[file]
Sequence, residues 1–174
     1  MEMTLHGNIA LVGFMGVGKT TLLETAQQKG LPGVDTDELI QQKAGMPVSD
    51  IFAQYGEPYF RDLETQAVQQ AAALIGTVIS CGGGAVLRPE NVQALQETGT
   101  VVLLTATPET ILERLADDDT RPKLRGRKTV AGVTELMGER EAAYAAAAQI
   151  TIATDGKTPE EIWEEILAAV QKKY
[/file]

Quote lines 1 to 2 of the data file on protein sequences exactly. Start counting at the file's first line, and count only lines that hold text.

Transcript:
Sequence, residues 1–174
     1  MEMTLHGNIA LVGFMGVGKT TLLETAQQKG LPGVDTDELI QQKAGMPVSD